The sheer volume of recipes precludes photos from being included with every dish. Those recipes that have photos also usually include step-by-step illustrations. The nutritional value of the dishes can be increased by reducing the amounts of oil or sweetener used, something that is up to each individual according to their taste.
Vegan Bible is an excellent and comprehensive resource that includes plenty of recipe ideas for both new and experienced vegans.
Vegan Bible is published in English by Grub Street and available on Amazon. The book was originally published in French. Marie Laforêt has also published several other cookbooks in French.
About the authorMarie Laforêt is French, loves vegetables and plants, and is a passionate defender of ethical veganism. She shares her experience and love of healthy, delicious cooking on her blog, 100vegetal.com. As a a talented photographer, she uses her own photos to accompany her recipes.
ContentsIn the opening section, she explains some basic concepts such as vegetarians, dietary vegans, and ethical vegans. The reader will learn what to look for when purchasing vegan ingredients and where animal products may be hidden —, and there is also a list of recommended kitchen utensils. Detailed information follows about essentials for the vegan kitchen. The section Nutrition Tips for a Balanced Vegan Diet provides information on selected nutrients. The recipes are divided into five chapters:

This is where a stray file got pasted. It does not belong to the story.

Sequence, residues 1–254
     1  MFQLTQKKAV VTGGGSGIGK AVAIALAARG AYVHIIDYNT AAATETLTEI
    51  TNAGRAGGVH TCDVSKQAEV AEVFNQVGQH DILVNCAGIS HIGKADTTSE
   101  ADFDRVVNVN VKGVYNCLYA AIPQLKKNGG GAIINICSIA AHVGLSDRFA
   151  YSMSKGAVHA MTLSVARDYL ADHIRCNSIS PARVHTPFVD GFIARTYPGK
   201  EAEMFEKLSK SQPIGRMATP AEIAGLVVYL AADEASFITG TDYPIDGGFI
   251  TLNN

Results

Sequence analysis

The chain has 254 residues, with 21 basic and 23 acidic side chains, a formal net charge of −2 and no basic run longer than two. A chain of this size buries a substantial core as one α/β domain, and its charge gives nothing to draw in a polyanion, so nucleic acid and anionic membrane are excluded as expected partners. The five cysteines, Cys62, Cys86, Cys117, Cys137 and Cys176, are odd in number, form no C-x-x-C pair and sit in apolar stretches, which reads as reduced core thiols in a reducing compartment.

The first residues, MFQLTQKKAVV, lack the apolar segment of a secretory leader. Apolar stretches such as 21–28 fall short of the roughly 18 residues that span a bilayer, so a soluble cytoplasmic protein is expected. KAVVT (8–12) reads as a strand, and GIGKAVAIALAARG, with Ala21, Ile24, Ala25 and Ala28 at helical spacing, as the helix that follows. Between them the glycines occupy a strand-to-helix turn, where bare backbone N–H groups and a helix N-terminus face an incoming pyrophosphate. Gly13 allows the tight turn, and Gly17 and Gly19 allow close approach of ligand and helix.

Each recipe includes symbols indicating whether it is quick, easy, or economical.
Discovering plant-based proteins:
Substituting dairy products and eggs:
Cooking for every occasion:
An alphabetically sorted recipe index is included in the back of the book.
Book review by Dr. med. vet. Inke Weissenborn
Red Peppers Stuffed with Buckwheat, Tofu and Olives is an easy-to-prepare recipe that works well as either a side or main dish.
Serving size information: This dish makes four servings. However, if you are planning it for the main dish, you might want to make an extra serving.
Buckwheat: Buckwheat is a pseudograin that is not in the family of grasses, but that can be used like other grains and is gluten-free. It originates from Central and East Asia, where it is still a popular ingredient today, for example, in the form of soba noodles in Japan. You can prepare buckwheat raw in a seed mix to add to muesli (e.g., Erb Muesli), cooked in soups and burgers or as a rice substitute, and cold as an ingredient in salads. Thanks to the high amounts of essential acids it contains, buckwheat has a high degree of bioavailabilty (extent to which nutrients are available for absorption and utilization in the body).